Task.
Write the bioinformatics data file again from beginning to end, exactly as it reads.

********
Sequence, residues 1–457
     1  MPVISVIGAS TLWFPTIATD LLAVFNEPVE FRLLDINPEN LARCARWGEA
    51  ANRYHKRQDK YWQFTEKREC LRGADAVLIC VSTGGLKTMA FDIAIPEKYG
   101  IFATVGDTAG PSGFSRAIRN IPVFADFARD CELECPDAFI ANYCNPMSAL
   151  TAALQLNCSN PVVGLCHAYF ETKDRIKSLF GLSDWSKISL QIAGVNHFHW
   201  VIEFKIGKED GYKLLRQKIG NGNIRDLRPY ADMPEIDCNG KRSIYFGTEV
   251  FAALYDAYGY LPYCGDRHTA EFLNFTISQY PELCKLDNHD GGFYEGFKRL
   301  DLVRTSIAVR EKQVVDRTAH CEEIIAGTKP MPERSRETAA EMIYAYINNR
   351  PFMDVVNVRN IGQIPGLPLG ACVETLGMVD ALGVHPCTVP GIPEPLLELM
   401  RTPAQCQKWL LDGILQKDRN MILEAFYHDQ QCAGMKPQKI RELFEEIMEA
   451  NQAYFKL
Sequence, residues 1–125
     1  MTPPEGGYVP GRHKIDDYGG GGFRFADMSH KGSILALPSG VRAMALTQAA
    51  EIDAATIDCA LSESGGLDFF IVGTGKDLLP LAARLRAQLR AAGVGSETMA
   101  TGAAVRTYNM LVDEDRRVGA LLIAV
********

Sequence, residues 1–457
     1  MPVISVIGAS TLWFPTIATD LLAVFNEPVE FRLLDINPEN LARCARWGEA
    51  ANRYHKRQDK YWQFTEKREC LRGADAVLIC VSTGGLKTMA FDIAIPEKYG
   101  IFATVGDTAG PSGFSRAIRN IPVFADFARD CELECPDAFI ANYCNPMSAL
   151  TAALQLNCSN PVVGLCHAYF ETKDRIKSLF GLSDWSKISL QIAGVNHFHW
   201  VIEFKIGKED GYKLLRQKIG NGNIRDLRPY ADMPEIDCNG KRSIYFGTEV
   251  FAALYDAYGY LPYCGDRHTA EFLNFTISQY PELCKLDNHD GGFYEGFKRL
   301  DLVRTSIAVR EKQVVDRTAH CEEIIAGTKP MPERSRETAA EMIYAYINNR
   351  PFMDVVNVRN IGQIPGLPLG ACVETLGMVD ALGVHPCTVP GIPEPLLELM
   401  RTPAQCQKWL LDGILQKDRN MILEAFYHDQ QCAGMKPQKI RELFEEIMEA
   451  NQAYFKL
Sequence, residues 1–125
     1  MTPPEGGYVP GRHKIDDYGG GGFRFADMSH KGSILALPSG VRAMALTQAA
    51  EIDAATIDCA LSESGGLDFF IVGTGKDLLP LAARLRAQLR AAGVGSETMA
   101  TGAAVRTYNM LVDEDRRVGA LLIAV